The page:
Glorified Job Titles

What's in a Title?  More money!

People criticize lawyers for using “legalese” and generally communicating in a way that is hard for most people to understand.  The criticism is justified.  Why can’t lawyers communicate in plain English in a way that is easy to understand?

However, it’s no longer just the lawyers that speak in strange tongues.  In recent years, we have seen a trend in business to create terms and titles that are incomprehensible or awkward.  I have a friend who has a growing list of terms he calls “jargon” – complicated new terms to replace existing simple terms.  We don’t complete “tasks” anymore:  we deliver action items.  You are not “in charge” of a project:  you are the champion of the deliverable. 

You don’t see want ads for a “mechanic” anymore.  It is a “certified automotive technician”.  However, if you ask a “certified automotive technician” what they do for a living, they’ll tell you “I am a mechanic”.

Now we have “Intermediate Customer Account Manager” (sales representative); “Senior Manager of Customer Success” (customer service); “Chief Talent Officer” (HR Manager); and “Manager of First Impressions” (receptionist), to name a few examples.

If someone asks you what you do and you tell them your job title and they ask you to explain what that means, that might be a good sign that your job title has become “jargonated” (I just made up that term.)

These glorified titles are thought to make an employee feel better about their job, because they are being held out to the public as being more important than they might be if they had the simple title.  Do they get paid more?  I doubt it.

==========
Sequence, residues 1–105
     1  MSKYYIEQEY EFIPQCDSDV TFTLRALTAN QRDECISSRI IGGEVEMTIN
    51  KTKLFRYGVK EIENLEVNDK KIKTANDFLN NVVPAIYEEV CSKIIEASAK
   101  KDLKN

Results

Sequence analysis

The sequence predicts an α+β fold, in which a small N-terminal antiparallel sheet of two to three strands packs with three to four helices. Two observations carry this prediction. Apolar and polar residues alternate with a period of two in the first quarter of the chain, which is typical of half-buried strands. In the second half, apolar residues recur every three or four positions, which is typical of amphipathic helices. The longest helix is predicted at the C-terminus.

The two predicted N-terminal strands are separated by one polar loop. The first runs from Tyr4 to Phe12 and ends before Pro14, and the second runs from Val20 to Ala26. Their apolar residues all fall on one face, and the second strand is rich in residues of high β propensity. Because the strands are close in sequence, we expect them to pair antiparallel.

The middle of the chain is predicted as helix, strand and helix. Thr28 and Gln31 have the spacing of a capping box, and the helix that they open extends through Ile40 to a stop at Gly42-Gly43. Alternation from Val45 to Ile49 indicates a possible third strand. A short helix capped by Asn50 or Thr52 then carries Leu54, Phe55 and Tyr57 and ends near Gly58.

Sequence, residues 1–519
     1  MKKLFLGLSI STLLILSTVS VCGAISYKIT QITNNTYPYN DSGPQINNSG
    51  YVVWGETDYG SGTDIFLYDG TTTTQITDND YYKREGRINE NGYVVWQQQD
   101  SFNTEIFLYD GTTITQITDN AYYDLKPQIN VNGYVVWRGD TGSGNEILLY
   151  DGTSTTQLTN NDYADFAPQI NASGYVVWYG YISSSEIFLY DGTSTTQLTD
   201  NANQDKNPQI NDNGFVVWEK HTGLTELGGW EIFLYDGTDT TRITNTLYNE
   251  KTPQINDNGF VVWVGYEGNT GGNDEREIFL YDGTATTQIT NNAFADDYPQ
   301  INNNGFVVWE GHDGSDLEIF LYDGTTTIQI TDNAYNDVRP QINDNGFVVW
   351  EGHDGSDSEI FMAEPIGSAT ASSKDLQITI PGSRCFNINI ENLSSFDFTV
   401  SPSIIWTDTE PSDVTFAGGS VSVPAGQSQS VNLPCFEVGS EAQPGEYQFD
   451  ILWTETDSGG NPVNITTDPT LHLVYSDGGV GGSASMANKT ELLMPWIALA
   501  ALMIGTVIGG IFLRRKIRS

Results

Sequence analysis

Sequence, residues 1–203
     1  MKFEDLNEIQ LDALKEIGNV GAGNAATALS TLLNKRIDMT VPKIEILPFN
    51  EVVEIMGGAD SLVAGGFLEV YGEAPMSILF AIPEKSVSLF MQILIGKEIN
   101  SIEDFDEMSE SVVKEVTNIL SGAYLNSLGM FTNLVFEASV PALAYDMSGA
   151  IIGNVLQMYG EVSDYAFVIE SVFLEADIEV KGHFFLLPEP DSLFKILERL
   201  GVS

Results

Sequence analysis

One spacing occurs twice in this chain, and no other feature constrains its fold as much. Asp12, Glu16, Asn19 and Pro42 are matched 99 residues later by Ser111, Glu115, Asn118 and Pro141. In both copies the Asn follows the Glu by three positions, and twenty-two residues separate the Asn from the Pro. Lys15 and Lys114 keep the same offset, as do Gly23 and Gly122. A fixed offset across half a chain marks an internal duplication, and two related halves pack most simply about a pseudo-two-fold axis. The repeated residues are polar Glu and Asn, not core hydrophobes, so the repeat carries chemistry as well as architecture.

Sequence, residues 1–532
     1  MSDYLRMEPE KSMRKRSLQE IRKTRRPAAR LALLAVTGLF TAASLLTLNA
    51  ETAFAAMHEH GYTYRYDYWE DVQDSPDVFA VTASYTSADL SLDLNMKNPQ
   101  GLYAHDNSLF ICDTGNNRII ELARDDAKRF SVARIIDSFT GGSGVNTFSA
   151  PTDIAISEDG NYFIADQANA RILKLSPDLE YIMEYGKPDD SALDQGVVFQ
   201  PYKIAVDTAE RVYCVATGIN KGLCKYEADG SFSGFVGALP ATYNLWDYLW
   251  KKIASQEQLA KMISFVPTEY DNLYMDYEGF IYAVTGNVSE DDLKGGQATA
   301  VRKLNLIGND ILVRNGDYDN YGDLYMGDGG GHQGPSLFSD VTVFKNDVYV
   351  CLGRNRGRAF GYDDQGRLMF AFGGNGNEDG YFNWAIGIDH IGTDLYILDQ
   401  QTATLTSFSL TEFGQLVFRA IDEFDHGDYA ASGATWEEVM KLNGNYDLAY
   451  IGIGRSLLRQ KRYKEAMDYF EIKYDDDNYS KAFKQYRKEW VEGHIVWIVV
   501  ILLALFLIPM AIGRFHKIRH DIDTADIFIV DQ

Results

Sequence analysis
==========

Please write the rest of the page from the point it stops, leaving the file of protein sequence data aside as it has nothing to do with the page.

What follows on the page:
There are legal repercussions to these titles.

When an employee is terminated, the amount that they are entitled to receive as their severance package may be partly based on the type of position the employee held.  If your employer wanted you to feel more important by having a more important-sounding title, then they are likely to have to pay you more to get rid of you.

“Managers” typically get more money than non-managers when they sue for wrongful dismissal.  Even though an “executive account manager” may not manage any other employees, the “manager” in their name could get them more money when they are terminated. 

On the other hand, misleading job titles make it more difficult for the lawyers and the judges to correctly characterize the nature of the position held by the employee.  The employer is going to argue that the title does not accurately reflect the nature of the position.  The bottom line is that the case will be more complicated, harder to settle, and more expensive for both sides.

Let’s stick to simple titles and language that are easy for everyone to understand their meaning.  It avoids misunderstandings and may even save you money!

Ian Johncox, Civil Litigation/Employment Lawyer/Mediator

Ian Johncox, Civil Litigation/Employment Lawyer/Mediator

Ian practices in the areas of employment law, occupier liability defence, franchise litigation and contract litigation. Ian is a trained mediator and conducts mediations in a wide range of civil (non-family) cases. His employment law practice includes acting for employers and employees, which gives him a balanced perspective to his clients’ issues.

Contact Us

Send us a message, complete with your contact information. One of our friendly staff will be in touch to discuss how we can help you.


79 Baldwin Street North, Brooklin, ON L1M 1A4
Phone 905-620-4499
Fax 905-620-7738


229 Mary Street, Port Perry, ON L9L 1B7
Phone 905-985-4141
Fax 905-620-7738
Your name is required.
Your phone is required.
Your email address is required.
A message is required.